Beyond a photo op with President Donald Trump and a contract to buy a few billion dollars’ worth of planes from Boeing, Prime Minister Lee Hsien Loong can expect anything else to be fraught with risks.
An article in the CNN said PM Lee would find it hard to pursue the objective of nudging President Trump to stay engaged with Asia without offending an increasingly prickly China.
The author Michael Barr wrote: “Effusive praise from the American President is the stuff that politicians usually crave, but in this case, it would risk undoing the ‘good work’ Lee did during his recent visit to Beijing, where he seems to have been provisionally forgiven for his earlier lack of respect, much of which centred on Singapore’s role in (allegedly) promoting the American position over China’s activities in the South China Sea.”
Barr is an associate professor at Australia’s Flinders University and author of The Ruling Elite of Singapore.
It is difficult to imagine a national leadership anywhere in the world more in sync with Washington than Singapore’s — at least on international issues. Yet this is where their problems with China begin, he wrote.
The current generation of Singapore’s leaders — right down to the upper levels of the civil service — is so close to the Americans that they give the appearance of having mistaken the American establishment view for their own.
Behind the scenes in America, Lee and his entourage are likely to be on much more comfortable turf as they continue their long-term and highly successful engagement of the American foreign policy establishment and the American business community.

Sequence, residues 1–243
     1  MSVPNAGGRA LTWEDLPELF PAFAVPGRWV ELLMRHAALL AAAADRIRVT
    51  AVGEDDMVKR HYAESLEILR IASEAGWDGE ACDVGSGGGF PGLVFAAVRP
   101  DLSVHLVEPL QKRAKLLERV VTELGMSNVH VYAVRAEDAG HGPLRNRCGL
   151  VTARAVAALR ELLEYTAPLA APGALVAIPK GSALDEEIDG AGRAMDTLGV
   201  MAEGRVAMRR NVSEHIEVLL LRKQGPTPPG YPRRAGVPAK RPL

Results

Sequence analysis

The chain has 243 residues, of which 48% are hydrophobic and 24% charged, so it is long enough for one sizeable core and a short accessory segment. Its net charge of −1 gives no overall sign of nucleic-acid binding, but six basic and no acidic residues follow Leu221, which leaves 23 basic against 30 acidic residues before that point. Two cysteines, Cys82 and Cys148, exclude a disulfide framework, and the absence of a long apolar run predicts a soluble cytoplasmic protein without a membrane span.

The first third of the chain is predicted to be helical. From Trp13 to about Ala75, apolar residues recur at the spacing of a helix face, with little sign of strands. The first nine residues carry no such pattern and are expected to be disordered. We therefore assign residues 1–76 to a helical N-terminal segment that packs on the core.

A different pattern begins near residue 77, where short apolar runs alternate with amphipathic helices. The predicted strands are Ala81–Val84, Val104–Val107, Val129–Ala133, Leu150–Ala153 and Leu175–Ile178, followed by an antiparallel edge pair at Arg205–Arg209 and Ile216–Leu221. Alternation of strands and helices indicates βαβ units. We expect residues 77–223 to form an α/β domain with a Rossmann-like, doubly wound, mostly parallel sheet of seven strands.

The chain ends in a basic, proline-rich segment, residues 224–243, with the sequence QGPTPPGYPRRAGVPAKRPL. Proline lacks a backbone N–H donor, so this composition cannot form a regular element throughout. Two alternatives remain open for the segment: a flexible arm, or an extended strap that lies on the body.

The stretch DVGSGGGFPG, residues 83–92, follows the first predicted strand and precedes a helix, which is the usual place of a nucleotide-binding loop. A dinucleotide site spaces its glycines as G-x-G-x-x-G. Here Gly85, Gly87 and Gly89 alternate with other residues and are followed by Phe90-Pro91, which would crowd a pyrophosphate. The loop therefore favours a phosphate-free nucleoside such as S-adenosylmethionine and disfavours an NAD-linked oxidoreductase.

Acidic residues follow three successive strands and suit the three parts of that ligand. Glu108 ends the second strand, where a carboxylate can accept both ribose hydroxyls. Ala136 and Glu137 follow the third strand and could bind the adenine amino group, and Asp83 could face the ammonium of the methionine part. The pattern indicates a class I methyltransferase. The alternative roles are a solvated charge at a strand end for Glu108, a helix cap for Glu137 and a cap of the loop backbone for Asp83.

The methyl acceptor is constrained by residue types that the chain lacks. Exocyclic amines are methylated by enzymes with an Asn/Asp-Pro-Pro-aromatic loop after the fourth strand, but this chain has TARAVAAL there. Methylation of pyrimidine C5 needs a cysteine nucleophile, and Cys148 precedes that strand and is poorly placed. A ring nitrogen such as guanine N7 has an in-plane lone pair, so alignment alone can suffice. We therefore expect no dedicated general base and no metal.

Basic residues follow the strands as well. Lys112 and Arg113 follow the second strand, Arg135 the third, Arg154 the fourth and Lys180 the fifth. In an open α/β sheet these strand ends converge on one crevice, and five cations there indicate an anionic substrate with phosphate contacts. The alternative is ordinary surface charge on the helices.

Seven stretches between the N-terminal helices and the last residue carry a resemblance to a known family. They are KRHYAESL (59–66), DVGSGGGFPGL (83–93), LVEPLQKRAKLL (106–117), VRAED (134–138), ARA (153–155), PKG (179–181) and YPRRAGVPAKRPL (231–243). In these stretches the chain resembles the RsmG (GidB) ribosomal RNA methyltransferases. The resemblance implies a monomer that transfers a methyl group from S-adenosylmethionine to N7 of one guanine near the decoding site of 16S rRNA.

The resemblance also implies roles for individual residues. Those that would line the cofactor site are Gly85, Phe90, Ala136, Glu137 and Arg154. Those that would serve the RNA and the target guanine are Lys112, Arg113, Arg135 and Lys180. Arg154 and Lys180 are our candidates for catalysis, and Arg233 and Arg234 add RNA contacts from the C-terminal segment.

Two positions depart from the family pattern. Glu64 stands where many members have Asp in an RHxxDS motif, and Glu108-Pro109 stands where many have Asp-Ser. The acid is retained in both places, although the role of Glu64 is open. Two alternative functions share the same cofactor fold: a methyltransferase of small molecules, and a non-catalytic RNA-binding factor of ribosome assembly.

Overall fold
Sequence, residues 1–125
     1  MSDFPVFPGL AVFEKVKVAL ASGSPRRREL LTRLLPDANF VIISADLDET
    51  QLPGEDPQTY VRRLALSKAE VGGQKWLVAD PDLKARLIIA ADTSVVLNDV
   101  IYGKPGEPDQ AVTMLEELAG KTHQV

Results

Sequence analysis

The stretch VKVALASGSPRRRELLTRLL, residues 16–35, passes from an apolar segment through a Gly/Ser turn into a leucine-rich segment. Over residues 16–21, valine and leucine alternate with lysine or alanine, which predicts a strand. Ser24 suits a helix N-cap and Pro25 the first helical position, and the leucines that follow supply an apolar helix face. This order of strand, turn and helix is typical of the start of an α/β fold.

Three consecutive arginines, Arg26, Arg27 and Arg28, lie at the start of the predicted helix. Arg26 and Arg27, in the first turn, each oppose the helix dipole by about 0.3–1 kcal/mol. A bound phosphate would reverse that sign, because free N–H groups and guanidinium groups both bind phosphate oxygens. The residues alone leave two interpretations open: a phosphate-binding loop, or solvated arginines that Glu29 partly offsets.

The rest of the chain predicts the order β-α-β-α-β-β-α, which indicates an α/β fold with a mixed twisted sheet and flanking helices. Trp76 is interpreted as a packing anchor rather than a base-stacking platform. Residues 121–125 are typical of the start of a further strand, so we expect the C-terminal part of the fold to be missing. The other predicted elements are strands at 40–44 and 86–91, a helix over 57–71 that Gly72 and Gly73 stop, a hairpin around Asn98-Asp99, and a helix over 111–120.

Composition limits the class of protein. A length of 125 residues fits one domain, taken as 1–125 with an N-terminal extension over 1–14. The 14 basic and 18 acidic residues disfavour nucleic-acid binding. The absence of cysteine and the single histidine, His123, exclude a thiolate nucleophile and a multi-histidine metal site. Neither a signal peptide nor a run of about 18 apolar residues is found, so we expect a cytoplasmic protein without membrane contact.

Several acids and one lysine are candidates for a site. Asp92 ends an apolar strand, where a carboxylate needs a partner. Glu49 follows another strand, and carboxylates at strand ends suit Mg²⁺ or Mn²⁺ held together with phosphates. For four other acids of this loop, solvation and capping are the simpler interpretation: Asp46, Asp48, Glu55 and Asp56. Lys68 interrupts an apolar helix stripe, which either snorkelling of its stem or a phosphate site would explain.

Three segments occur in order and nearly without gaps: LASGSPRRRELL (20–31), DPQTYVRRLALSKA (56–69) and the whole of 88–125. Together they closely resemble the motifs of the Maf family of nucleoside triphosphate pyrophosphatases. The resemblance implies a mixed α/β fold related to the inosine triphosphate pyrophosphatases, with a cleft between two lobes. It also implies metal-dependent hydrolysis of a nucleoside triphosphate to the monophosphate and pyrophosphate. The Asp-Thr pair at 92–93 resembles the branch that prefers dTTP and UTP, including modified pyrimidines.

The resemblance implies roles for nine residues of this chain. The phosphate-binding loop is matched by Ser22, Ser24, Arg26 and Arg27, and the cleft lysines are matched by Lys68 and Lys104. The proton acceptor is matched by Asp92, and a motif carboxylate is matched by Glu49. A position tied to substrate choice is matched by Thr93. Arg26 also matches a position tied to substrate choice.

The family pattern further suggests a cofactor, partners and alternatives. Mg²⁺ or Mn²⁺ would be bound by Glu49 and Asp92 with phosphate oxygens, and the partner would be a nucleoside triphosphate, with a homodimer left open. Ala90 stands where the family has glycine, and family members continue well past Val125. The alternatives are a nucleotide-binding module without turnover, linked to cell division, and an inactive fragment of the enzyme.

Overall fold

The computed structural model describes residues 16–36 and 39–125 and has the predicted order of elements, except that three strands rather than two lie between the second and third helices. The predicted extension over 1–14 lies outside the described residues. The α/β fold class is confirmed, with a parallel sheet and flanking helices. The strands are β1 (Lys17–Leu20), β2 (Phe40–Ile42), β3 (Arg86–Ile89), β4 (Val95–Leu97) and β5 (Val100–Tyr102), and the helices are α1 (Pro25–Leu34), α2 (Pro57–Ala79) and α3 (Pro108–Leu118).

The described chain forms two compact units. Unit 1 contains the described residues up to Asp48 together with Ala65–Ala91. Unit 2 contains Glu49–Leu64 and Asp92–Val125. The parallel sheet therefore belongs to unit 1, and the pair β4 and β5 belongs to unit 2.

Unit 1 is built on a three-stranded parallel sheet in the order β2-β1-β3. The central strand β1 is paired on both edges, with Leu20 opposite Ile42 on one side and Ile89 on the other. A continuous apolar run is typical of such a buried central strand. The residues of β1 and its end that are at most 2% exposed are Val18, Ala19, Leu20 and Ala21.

Singapore’s entire national leadership is at home walking these corridors of power, since most of them have studied, socialised and networked in them for decades — with PM Lee himself having studied in the United States Army Command and General Staff College in the 1970s.
The height of China’s backlash against Singapore came late in 2016 when it impounded millions of dollars-worth of Singapore’s defence equipment for several months as it was passing through Hong Kong harbour on its way back from exercises in Taiwan. And just as that impasse was being resolved it emerged that Chinese President Xi Jinping explicitly refused to invite Lee to the Belt and Road Forum in May 2017.
Between them, these Chinese actions threatened Singapore’s medium-term future in a way that could not be ignored — and to a degree that even overshadowed the benefits of American friendship.
The worst of the damage was undone in the lead up to PM Lee’s official visit to China last month when Lee gave an interview with Chinese state media. In the interview, he praised China’s development, stressed the strong ties between the two countries and listed a number “meaningful” joint projects.
“China is a big country, is a very complicated country, governance in China has never been a simple matter. But there is such courage and unity, China will certainly overcome all difficulties, certainly continue to develop, continue to move forward,” he said.
As a result of agreements signed off during the visit, Singapore is part of One Belt One Road again, but it would not take much to disturb the relationship all over again, Barr added.
China’s petulance has reinforced the Singapore leadership’s conviction that it needs the US in the Pacific and in the South China Sea as a balance to China, but how to work for that cause without inflaming China all over again?
This is PM Lee’s dilemma, Barr wrote, and unfortunately all of his US-centric training and experience and networking makes him particularly ill-suited to working through it. Dealing with both Xi and Trump would have been a tough enough problem for any Singaporean leader, but thanks to his earlier blundering, he now needs to tread with particular care.